Development of two airplanes–the Airbus A330neo and a replacement for the Boeing 757–may be pushing to the forefront, according to two news articles yesterday.
Reuters reports that a decision whether to proceed with the Airbus A330neo could come before the Farnborough Air Show, even if a formal launch isn’t announced at the international event next month.
Bloomberg reports that Boeing may be nearing the launch of a 757 replacement sooner than expected.
We’ve written extensively about both prospective airplanes, with the A330neo concept one of many subjects from the Airbus Innovation Days. The Reuters article reports what we have been hearing for some time: the airplane could be announced at Farnborough–but it might not be, either. What is new is the increasing likelihood Rolls-Royce will become the sole-source supplier. Aviation Week originally reported this prospect.
Our Market Intelligence suggests that RR will supply the Trent 1000 TEN incorporating elements of the Trent XWB to improve fuel burn and reduce weight. Airbus is also going to have new, composite nacelles to further reduce weight and improve efficiency, according to our Market Intelligence. Incorporating sharklets will add a few percentage points of fuel savings to the long-range cruise. We’re skeptical of the estimated 14%-15% fuel savings claimed in the Reuters article–this number, if it is achieved, would have to come for the longest range rather than the 2,000nm Airbus likes to promote as an average mission.
We concluded last December that Airbus must proceed with the A330neo. Our A330neo Study points out that Airbus faces a production imbalance with Boeing beginning in 2016, as demand for the A330ceo declines and Boeing ramps up production of the 787. Without an A330neo, by the middle of the next decade, Boeing would have two-thirds of the medium, twin-aisle production market, adjusted for ramp ups in the 787, 777X and A350 programs and declines in the A330ceo and 777 Classic lines.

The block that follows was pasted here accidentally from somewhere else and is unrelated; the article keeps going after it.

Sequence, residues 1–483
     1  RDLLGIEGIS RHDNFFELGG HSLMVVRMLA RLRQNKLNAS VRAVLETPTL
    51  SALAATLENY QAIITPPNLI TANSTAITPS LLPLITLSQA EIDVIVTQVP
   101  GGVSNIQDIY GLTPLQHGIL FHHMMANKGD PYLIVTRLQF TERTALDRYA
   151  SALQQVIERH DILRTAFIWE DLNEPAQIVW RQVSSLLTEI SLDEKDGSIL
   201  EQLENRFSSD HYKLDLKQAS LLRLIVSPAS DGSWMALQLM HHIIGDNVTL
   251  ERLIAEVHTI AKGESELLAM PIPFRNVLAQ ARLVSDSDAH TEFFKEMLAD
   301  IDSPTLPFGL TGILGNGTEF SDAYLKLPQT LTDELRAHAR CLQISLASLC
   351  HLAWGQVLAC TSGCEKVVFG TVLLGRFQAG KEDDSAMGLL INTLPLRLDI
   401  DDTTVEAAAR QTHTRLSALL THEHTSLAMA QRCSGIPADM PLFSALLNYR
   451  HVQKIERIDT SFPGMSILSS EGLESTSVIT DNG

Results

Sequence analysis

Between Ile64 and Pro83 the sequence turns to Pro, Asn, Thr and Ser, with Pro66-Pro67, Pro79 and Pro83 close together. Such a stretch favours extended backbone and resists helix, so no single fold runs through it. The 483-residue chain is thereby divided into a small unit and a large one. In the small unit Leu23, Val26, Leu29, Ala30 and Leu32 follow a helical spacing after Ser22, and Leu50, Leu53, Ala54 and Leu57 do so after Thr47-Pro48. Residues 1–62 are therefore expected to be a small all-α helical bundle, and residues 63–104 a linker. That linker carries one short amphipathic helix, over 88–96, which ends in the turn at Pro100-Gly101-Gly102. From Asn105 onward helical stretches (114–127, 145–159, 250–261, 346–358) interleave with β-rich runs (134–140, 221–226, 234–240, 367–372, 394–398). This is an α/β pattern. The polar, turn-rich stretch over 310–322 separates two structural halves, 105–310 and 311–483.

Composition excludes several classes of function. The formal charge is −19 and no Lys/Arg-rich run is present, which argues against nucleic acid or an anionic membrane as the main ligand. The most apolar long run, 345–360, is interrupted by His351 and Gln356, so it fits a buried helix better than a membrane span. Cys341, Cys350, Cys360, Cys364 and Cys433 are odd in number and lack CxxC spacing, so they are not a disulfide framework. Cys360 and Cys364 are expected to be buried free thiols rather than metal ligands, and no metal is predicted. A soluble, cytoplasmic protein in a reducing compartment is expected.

Even with an A330neo, we believe Airbus will reduce production rates beginning in 2016. We predict Boeing will reduce rates for the 777 Classic beginning in 2017.
Our Study also concludes that Airbus pricing for the A330neo will be aggressive vis-a-vis the 787-8/9. With the A330 line essentially paid off and only about $2bn in incremental R&D cost for the A330neo (most of which likely to be paid by the engine OEM), Airbus’ ability to drop the price of the A330neo will far outstrip Boeing’s ability to match, unless Boeing prices for market share rather than profit.
As we reported in our Innovation Days postings, one trade Airbus has to consider is engine maintenance cost. Officials say the A330ceo, with a highly mature engine, has lower maintenance costs than the 787’s new GEnx and RR engines. The 787’s nacelles, with highly advanced materials, are said to be very costly to maintain and overhaul, according to Market Intelligence. Airbus acknowledged to us that this maintenance delta will narrow considerably for the A330neo.
The 757 replacement is another topic we’ve discussed at length. We don’t doubt the accuracy of Bloomberg’s reporting, but we are skeptical that Boeing is preparing to make an announcement soon. We’ve not checked with our sources for a few months on this issue, but the timing we were told then was that a 757/737 replacement family would not be launched until the 777X enters flight testing in 2018 or 2019, with EIS in 2025/2027; we’re reported this before.
Boeing is in a more precarious position than rival Airbus. The 737-9 doesn’t match up to the A321neo (and sales figures certainly support this) and neither is as good on long-range missions as the 757. The 737 family has been updated probably as far as it can go with the MAX, say customers and others, so a new family is required–sooner than later, the thinking goes.
Although Airbus continues to state it doesn’t plan a new, clean-sheet airplane for a 2030 EIS, if Boeing launches a new set of airplanes in 2018, we believe Airbus will have no choice but to follow. This is probably why Airbus is looking at system upgrades to the neo for an EIS of around 2018, according to Aviation Week and market sourcing. We don’t believe this will be competitive, however, with a clean-sheet Boeing design.